Sustainability Planning - It Takes More Than Money
Sustainability planning is an ambiguous concept. It is something that many funders are now requiring of potential grantees but it hasn’t been clearly defined as to what goes into a sustainability plan.
| Posted in Management on Apr 15, 2011 by
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Most nonprofit leaders understand that funders and investors want to see that they are planning for the future and will be able to continue providing services after the funding cycle ends. However, without a template to follow many are confused on how to address these issues and what the funders are really looking for in a plan.
Working in a nonprofit organization, it’s easy to subscribe to Zig Ziglar’s comment of, “Money isn’t the most important thing in life, but it’s reasonably close to oxygen on the “gotta have it” scale.” The prevalent thought that money and fundraising are the keys to sustainability often lead people to simply include a fundraising plan as an answer to the “How are you addressing sustainability?” question. While I don’t disagree that nonprofits need money to survive, I would like to challenge you to take a more comprehensive approach to planning for the sustainability of your programs and organization. Taking a more comprehensive approach will set you apart from other nonprofits and show potential funders that you’re working hard to position your organization to be around for the long-term.
With this in mind, there are three areas or dimensions I recommend you address when developing a sustainability plan for your programs and services.
3 Dimensions of Program Sustainability Planning
Numerous resources are required to launch, operate, and sustain nonprofit organizations and programs. These include:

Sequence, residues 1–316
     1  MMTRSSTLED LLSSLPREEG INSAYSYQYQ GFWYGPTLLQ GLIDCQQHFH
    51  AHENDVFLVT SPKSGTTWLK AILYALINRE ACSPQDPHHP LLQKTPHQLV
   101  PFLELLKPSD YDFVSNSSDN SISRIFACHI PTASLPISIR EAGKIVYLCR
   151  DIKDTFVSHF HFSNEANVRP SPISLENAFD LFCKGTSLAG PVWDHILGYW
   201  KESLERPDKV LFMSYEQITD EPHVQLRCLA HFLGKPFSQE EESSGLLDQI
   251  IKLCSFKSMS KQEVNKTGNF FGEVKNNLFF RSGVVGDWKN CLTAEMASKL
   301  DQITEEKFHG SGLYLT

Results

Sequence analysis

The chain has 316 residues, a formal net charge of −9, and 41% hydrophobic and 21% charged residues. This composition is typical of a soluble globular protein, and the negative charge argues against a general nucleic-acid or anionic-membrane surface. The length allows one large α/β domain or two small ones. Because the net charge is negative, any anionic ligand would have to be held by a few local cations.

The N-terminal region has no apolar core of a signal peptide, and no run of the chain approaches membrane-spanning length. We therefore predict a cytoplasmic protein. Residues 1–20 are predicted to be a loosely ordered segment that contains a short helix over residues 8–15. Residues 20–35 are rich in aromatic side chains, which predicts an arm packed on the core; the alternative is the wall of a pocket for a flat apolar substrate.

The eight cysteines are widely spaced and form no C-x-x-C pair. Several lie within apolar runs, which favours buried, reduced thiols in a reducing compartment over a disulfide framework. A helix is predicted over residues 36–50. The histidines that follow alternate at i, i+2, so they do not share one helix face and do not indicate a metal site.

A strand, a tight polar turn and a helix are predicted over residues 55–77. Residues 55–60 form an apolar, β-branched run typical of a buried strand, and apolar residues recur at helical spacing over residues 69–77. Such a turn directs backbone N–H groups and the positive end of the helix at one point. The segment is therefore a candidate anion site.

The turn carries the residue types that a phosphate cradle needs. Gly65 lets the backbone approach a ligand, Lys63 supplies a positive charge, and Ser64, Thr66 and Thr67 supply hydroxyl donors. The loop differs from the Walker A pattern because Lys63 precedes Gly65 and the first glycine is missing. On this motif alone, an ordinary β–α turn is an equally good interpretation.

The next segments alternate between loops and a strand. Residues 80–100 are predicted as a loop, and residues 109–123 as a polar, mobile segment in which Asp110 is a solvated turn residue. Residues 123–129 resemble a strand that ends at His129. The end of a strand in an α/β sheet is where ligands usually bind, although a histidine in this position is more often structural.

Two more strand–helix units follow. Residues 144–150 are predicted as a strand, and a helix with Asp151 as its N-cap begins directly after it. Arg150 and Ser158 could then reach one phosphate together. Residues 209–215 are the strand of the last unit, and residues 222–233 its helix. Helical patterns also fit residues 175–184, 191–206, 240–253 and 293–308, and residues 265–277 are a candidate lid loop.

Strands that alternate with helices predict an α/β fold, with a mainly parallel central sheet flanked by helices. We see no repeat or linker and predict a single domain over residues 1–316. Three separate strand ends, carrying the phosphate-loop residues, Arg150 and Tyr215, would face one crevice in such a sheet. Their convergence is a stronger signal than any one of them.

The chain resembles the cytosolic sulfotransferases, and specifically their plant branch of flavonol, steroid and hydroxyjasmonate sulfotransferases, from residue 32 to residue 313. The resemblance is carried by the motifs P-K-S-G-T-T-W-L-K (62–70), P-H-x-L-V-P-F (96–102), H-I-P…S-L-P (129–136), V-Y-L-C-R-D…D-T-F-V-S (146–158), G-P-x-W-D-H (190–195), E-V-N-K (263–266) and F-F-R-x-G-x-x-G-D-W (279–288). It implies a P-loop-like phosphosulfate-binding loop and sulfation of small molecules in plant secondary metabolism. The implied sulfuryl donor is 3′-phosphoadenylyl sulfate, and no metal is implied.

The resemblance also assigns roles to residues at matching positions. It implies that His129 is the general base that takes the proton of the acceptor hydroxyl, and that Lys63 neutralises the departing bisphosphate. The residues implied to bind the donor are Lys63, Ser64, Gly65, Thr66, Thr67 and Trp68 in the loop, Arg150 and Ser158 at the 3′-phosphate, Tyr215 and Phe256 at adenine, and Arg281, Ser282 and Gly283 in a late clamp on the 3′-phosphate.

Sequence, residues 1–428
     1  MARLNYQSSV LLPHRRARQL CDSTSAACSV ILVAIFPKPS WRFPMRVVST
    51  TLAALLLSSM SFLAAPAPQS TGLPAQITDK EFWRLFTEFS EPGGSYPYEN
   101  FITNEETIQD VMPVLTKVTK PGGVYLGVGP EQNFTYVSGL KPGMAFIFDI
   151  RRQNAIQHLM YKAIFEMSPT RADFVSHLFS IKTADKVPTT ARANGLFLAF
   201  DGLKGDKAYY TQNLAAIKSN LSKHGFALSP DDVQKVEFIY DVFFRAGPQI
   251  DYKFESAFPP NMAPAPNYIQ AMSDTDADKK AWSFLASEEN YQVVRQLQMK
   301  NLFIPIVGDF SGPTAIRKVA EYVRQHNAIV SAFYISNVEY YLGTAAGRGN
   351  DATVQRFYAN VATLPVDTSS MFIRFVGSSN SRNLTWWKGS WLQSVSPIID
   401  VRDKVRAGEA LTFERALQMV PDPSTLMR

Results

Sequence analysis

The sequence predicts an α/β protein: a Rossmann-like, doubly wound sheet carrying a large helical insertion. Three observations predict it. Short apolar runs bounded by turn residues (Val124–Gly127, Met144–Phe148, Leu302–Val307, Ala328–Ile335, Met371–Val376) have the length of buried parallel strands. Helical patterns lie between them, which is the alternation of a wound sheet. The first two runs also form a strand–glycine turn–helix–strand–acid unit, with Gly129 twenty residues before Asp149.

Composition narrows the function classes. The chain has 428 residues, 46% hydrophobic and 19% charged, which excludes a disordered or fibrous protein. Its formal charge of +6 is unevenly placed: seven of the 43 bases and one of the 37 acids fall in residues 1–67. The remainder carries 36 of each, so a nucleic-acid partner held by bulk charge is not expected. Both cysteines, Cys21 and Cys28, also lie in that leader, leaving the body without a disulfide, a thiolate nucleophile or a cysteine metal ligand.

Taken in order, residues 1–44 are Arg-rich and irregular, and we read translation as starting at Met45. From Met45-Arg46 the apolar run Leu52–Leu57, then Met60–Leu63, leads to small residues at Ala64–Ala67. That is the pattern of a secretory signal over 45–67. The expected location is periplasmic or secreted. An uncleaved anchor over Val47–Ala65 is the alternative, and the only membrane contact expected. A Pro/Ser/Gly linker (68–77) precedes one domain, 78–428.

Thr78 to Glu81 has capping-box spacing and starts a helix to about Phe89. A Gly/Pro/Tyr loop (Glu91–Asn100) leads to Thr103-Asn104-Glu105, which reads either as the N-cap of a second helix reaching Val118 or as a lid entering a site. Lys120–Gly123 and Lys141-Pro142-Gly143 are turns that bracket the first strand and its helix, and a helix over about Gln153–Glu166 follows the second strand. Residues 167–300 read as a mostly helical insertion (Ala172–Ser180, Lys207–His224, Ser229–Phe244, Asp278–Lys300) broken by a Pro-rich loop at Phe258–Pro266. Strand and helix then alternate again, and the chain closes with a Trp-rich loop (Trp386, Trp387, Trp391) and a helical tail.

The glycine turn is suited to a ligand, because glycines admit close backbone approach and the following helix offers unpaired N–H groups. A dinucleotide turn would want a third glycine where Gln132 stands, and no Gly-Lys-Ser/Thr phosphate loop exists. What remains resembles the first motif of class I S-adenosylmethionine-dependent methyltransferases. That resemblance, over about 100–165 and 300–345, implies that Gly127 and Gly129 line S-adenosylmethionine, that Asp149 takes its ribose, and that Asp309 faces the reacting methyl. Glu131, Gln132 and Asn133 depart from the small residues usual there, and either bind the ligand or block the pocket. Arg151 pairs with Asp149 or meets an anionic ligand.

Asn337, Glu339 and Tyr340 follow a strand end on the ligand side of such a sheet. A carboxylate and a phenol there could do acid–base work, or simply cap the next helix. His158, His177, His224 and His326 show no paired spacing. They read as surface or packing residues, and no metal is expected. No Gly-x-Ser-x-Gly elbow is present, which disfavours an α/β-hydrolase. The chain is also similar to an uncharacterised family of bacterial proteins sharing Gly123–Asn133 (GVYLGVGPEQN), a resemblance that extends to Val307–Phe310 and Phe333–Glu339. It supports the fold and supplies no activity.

Financial resources - While money is not the only issue that should be addressed in your sustainability plan, it is certainly an important one. Your organization should provide the funder with an overview of your donor development plan. Ideally, your plan should include raising funds from a variety of sources - foundations, individuals, government agencies, corporations, etc. - depending on where your greatest opportunities lie. Developing and sharing this plan will show that you are being proactive in raising additional funds to support your work.
Human resources - Nonprofit organizations and programs require paid and volunteer staff to do the work, deliver the programs and services, and keep the organization running. I recommend that you document all the manpower required to continue providing your programs and services. These may include tutors, counselors, program managers, drivers, and other involved in providing services. You should also be sure to include the internal positions such as fundraisers, accountants, grant writers, board members, etc. Each of these positions impacts the long-term sustainability of your programs and organization. Therefore, in addition to documenting the required human resources you should address how you will fill and manage these resources over the long-term.